The removal of Trump from office has largely defined the campaign platforms of Democratic presidential hopefuls, with most candidates making this a goal in their political agendas and actively supporting the impeachment. The articles of impeachment were submitted to the Senate on 15 January, and now the wait finally seems to be over, with the impeachment trial set to start on Tuesday – just weeks before the first primaries.
Who Will Suffer Most From the Impeachment Trial Delay?
After three weeks of waiting, Democratic House Speaker Nancy Pelosi finally passed the impeachment articles to the Senate on 15 January, facing the ultimatum from the Republicans to start the process without them. The Democrats claimed that the delay was necessary to ensure a "fair" trial by forcing the Republicans to call witnesses during the process, although House Minority Leader Kevin McCarthy criticised the move, accusing them of trying to choose "a political, convenient time" for their "urgent" impeachment.
But, apart from giving Democrats time to renegotiate the terms of the trial, the delay moved it extremely close to the first round of primary votes. Such a shift in the impeachment schedule can hardly be seen as coincidental, since it might directly affect the campaigns of those candidates who will be fulfilling their Senate duties by attending the trial, opines Sean D. Foreman, professor of political science at Barry University, who stresses that this could have been a hidden motive that could have been a factor driving Nancy Pelosi's decision.
"By delaying the start of the trial by two weeks in January, and over that time period increasing the chances that the Senate trial may last longer than the Republican leadership hopes for, it can give Biden an advantage in Iowa against Sanders and Warren, who are now sworn jurors in the trial," Foreman said.
Indeed, Sanders, Warren and several other Democratic senators may face difficulties in making personal appearances at campaigns ahead of the Iowa caucus and New Hampshire primary because of the need to fulfil their duties as part of impeachment proceedings. Bearing in mind that these two events often determine who will perform well throughout the primaries and who will drop out soon, due to being the first in series of state primary elections, it's hard to underestimate the impact of the impeachment trial delay on the entire process and its outcome.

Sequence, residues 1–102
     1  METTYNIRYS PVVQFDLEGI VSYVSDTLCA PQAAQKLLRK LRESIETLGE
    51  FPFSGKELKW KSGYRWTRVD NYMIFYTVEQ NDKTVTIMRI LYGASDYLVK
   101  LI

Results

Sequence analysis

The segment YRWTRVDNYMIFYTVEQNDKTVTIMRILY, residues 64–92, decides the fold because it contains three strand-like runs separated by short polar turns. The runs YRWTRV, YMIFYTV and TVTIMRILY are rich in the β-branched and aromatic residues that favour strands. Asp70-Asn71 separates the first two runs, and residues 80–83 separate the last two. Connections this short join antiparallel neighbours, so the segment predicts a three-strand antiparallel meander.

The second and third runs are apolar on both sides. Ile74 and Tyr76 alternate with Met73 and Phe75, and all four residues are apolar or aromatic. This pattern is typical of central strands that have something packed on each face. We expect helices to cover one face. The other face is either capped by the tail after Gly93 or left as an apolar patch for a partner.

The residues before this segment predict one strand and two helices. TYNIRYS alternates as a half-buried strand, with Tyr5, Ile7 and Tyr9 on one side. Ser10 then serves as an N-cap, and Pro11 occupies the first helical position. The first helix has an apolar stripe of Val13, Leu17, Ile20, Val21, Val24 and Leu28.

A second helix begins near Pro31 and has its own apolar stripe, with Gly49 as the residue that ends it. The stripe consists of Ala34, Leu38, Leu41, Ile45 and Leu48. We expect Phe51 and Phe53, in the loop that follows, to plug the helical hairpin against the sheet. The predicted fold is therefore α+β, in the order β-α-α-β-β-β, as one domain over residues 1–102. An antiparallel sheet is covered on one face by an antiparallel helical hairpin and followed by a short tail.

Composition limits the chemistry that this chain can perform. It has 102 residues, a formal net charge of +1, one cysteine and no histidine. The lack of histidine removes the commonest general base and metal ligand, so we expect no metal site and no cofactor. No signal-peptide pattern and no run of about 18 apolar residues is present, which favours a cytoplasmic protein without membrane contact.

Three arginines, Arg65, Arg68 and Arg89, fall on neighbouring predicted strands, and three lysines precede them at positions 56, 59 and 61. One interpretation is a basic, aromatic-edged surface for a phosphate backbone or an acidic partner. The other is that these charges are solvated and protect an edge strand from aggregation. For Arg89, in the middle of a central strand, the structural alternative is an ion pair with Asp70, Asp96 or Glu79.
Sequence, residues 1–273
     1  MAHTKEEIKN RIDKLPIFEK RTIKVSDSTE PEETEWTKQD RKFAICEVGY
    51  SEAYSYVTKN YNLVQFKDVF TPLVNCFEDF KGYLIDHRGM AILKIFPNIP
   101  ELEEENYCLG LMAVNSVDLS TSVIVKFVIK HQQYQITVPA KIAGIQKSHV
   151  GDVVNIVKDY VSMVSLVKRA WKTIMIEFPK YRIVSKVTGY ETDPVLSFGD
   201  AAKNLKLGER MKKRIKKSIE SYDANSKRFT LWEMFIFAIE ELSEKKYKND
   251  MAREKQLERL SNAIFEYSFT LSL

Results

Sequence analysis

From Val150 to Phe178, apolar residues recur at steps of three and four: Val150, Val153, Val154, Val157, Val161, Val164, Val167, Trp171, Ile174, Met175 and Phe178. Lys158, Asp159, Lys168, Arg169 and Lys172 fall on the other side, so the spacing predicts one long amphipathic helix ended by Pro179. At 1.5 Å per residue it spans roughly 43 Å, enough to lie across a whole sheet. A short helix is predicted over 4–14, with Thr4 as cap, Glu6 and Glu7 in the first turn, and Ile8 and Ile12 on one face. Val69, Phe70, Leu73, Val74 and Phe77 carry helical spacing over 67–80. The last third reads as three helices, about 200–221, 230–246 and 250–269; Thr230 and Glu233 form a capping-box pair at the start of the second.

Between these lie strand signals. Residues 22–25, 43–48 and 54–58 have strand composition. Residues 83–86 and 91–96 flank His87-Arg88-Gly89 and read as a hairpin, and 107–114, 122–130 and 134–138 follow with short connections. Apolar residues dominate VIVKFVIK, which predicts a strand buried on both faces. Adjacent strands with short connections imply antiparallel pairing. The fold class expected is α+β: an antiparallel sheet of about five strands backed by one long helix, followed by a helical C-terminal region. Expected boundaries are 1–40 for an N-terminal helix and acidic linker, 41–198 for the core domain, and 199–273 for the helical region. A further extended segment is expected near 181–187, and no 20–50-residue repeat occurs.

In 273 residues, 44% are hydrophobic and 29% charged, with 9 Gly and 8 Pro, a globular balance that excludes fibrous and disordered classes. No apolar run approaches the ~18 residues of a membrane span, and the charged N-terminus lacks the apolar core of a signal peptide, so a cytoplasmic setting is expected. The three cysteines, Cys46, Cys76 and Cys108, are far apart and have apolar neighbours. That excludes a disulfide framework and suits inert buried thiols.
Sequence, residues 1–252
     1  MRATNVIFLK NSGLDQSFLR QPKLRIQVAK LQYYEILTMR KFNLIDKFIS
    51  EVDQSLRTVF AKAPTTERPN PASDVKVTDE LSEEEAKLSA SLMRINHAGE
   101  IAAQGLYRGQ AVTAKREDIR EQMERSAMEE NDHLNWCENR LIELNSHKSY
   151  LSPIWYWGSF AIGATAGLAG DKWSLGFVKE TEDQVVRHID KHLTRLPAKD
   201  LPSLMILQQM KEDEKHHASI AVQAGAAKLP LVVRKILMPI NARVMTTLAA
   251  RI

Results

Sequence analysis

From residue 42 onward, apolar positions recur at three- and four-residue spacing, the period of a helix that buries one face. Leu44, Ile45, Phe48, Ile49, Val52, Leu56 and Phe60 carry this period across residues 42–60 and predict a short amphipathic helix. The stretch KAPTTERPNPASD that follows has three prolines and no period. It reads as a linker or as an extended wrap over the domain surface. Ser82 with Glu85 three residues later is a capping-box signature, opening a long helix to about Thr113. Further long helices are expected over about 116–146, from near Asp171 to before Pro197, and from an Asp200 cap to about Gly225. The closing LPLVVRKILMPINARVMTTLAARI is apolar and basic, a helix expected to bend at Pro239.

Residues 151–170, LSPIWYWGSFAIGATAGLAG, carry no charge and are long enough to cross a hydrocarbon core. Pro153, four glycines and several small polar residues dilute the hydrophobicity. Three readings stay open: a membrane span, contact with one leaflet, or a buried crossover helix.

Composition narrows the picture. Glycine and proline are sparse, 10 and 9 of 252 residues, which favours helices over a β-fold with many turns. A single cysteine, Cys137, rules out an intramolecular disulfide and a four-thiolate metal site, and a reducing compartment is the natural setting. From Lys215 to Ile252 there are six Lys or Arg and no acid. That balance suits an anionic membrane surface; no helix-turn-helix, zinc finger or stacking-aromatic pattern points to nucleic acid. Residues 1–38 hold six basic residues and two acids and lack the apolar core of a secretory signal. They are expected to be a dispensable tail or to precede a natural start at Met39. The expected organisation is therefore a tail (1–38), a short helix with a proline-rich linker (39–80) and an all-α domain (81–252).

Who Comes on Top as Result?
Few candidates can afford to lose both Iowa and New Hampshire, except for prominent figures like Biden, Thomas Whalen, associate professor at Boston University indicates. He adds that while such losses would be a "dangerous sign" for his campaign, he still would have "a kind of a firewall" in South Carolina. The former vice-president polled significantly higher than any of his rivals in this state and can count on victory there with around 36% of votes, finishing around 21% ahead of his nearest competitors, Tom Steyer and Bernie Sanders.
This way, with major opponents, Sanders and Warren, preoccupied with the impeachment, Biden looks like the person who has the most to gain from the trial delay since he will have the "whole field" in Iowa, Whalen says. Stephen Presser, professor of the Northwestern School of Law, in turn believes that the former vice-president is the "favoured candidate" of those who control the upper reaches of the Democratic Party, and hence it's possible that the holding of the impeachment articles was not accidental.
However, some scholars do not believe that Pelosi had a hidden motive behind delaying the impeachment trial. Professor Daniel Franklin, associate professor of political science at Georgia State University, opine that the House speaker has never showed that she "bears any ill will" towards Senators Sanders, Klobuchar, Bennett, Booker, or Warren, whose primaries bids will suffer from the trial, and hence it's unlikely that she held impeachment articles to harm them.
Franklin suggests that House speaker was simply hoping to let the whole impeachment process to slow down and allow "the gravity of the situation sink in", as the new alleged incriminating evidence against Trump surfaced just ahead of the trial's start.
"Was this a stroke of genius or simply dumb luck? I leave it to readers to decide," Franklin said.
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